How to Alleviate Stress from Financial Issues

ways to make finances less stressful

 

When it comes to daily stress, financial worries usually top the list. Whether its overdue payments owed or taxes that need filed, financial stress is unfortunately something that can occur year-round. But, it doesn’t have to be that way. Preparation and planning will help you get ahead of your finances and allow you to cross one more item off your list of stresses.

If you entered 2015 with the hope of alleviating financial stress, here are five tips to keep you on track:

  1. Create a budget. A budget is the best way to track your spending habits and recognize areas that can be cut from daily spending. It doesn’t mean that you have to give up all your little splurges at once, but take a good look at how much you’re spending and where it’s being spent. It may surprise you how quickly your daily coffee runs or lunches out with co-workers add up over a month’s time. A budget means that there are fewer surprises at the end of the month because you’ve planned ahead for where your money should be allocated.
  2. Be organized. Do you keep all your tax documents in a shoebox never to be looked at again until April rolls around? With the digital age, it’s easier to keep track of important documents online. There’s nothing more stressful than looking for missing information when the tax deadline is near. Keep everything organized in one place whether you decide to do that online or not.
  3. Start slow. It may seem overwhelming to tackle debt all at once, so start slow in the beginning when you’re putting everything in order. List all your debts and find areas in which you can consolidate under lower interest rates. Pay more than your minimum monthly payments to get rid of debt faster. If you have an influx of money from a bonus or monetary gift, apply that to pay down your debt. Keep track of your progress and set goals for yourself along the way.
  4. Use your resources. Sometimes it’s best to turn to a financial expert to help you alleviate stress. These individuals are qualified in the field to suggest the best possible solutions for your current financial state. If you owe taxes that you are unable to pay, there are tax resolution services that can help you with a payment plan and work as a liaison between you and the IRS. Research professionals in the financial industry and select one that can help with a solution that works for you. At the very least, this helps you explore your options during the times it might feel like you don’t have any.
  5. Start a savings account. Once you begin paying down your debt, apply a portion of each paycheck to your savings account. Building your savings can help for future emergency expenses like when your car breaks down or if you need to make a larger, immediate payment. If you are saving towards a goal like buying a house or going on a trip, think about creating a separate account specifically for that.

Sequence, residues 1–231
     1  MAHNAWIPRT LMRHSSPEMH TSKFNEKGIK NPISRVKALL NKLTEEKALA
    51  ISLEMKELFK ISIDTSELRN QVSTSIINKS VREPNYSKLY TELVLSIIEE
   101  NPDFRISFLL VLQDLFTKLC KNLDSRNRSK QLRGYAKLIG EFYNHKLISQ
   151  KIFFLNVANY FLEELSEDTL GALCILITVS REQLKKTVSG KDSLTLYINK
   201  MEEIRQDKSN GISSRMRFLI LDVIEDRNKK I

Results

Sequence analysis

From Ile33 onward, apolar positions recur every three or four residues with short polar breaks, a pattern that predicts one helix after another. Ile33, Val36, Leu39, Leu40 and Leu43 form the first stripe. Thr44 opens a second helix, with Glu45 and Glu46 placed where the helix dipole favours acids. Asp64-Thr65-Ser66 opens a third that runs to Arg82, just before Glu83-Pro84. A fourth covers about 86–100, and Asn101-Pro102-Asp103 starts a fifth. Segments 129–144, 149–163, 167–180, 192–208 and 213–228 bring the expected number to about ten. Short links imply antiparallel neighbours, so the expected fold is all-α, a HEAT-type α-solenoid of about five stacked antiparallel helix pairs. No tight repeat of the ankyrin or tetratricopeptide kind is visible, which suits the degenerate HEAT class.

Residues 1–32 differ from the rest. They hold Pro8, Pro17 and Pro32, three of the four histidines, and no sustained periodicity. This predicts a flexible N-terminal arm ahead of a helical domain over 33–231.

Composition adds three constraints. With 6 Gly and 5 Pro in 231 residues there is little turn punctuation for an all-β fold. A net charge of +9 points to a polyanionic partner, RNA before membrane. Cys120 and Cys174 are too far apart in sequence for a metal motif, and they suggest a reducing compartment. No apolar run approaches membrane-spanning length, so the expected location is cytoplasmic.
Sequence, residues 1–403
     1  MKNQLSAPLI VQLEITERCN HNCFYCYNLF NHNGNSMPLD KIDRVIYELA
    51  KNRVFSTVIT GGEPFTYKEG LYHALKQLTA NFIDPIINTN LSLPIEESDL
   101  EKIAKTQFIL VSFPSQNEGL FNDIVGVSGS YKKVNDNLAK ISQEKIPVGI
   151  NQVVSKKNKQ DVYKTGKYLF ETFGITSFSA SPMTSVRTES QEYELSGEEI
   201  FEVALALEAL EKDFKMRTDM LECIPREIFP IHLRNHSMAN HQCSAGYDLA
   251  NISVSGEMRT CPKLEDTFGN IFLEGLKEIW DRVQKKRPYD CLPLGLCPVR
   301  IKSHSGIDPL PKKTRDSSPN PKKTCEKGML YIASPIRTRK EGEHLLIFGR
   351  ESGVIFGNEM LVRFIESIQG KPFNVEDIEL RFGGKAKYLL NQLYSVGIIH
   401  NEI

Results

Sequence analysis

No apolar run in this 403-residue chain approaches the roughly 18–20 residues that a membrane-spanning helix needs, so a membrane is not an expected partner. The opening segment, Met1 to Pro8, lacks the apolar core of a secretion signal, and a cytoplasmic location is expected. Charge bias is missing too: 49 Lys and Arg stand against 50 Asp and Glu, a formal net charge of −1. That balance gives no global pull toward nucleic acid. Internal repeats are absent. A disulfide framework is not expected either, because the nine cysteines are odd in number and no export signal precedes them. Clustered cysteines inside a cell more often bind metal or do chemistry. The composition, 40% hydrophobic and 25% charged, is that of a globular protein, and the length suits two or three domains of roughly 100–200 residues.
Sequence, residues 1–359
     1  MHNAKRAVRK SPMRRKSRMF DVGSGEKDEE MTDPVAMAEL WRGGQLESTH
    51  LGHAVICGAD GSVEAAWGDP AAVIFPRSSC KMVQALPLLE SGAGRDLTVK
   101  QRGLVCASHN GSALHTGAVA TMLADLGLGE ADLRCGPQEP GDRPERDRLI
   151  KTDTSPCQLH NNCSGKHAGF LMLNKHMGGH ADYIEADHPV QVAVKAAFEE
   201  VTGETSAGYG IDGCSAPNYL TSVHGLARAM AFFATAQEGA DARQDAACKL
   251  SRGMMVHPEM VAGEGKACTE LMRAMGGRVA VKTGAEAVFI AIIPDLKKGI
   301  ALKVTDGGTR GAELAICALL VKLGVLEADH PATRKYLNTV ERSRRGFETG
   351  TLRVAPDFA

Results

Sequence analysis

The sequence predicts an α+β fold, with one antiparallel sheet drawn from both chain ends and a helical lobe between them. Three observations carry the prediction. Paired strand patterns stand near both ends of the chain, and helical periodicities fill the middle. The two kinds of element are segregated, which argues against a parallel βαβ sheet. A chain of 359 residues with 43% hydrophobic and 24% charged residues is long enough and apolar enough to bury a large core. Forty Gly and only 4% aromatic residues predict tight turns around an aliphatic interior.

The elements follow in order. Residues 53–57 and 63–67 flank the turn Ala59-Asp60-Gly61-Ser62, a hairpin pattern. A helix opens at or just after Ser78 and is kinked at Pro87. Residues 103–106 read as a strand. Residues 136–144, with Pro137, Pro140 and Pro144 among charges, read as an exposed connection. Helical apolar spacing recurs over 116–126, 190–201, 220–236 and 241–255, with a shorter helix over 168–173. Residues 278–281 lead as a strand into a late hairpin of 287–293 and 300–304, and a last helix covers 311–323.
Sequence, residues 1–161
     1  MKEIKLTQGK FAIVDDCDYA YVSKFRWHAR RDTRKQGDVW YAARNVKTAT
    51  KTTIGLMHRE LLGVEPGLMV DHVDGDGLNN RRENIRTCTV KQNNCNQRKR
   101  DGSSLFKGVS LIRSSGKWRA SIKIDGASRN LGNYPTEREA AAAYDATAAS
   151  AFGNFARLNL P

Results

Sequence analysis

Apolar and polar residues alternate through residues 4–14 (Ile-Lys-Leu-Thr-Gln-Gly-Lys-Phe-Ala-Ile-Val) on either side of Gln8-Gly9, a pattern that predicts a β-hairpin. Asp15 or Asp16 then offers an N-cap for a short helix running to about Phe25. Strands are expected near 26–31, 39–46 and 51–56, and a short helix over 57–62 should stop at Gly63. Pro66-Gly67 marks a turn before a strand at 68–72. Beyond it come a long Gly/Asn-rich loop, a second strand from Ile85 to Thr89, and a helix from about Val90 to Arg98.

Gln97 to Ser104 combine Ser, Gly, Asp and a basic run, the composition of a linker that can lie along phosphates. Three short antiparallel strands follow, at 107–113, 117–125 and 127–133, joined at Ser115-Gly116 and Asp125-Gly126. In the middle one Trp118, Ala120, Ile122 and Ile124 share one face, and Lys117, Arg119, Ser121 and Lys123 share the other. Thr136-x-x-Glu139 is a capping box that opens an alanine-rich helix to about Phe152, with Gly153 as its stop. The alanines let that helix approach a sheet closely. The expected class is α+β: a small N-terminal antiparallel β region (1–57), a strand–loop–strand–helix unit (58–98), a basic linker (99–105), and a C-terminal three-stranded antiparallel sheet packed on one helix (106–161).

It’s all too easy to feel unsettled when it comes to money, but directly facing your financial issues head-on can help alleviate stress for the future. By following these tips, it will help you feel less out-of-control, which is most likely the source of the anxiety in the first place. Make this your year to get your finances on track and eliminate it as a source of stress in your life.

 Image: Freedigitalphotos.net/Ambro

FREE Stuff Delivered to Your Inbox!

Subscribe and be the first to get notified of new surveys, giveaways and sweepstakes from your local retailers.

Written By
Sydney White is a Texas-born stay at home mom who enjoys spending time with her family, bargain hunting and, of course, writing. She is currently the editor-in-chief of Snipon.com.

2 Comments

  1. I have found that your 5th point, starting a savings account, has been crucial to my financial peace of mind. BUT for me it is more targeted than a general “savings account”.

    What I have established — yes, in a savings account — is an Emergency Reserve Fund. I’ve built it up to the point that it can cover one year’s worth of my basic living expenses. IF some unexpected big NECESSARY expense crops up, I will cover it from that account and then build the Fund back up. (A vacation, a new car, or that super-nifty big-bucks name brand hand bag are NOT necessary.)

    I do realize that for lots of folks one year’s worth of expenses is a big, big goal. So, start with building a 3-month Emergency Reserve. Just be sure to label it in you mind AS an Emergency Reserve and not just as a general savings account for any and every purpose.

Leave a Comment

Your email address will not be published. Required fields are marked *

Hit Enter

Cookies help us deliver our services. By continuing to use the site, you agree to the use of cookies. More information

The cookie settings on this website are set to "allow cookies" to give you the best browsing experience possible. If you continue to use this website without changing your cookie settings or you click "Accept" below then you are consenting to this.

Close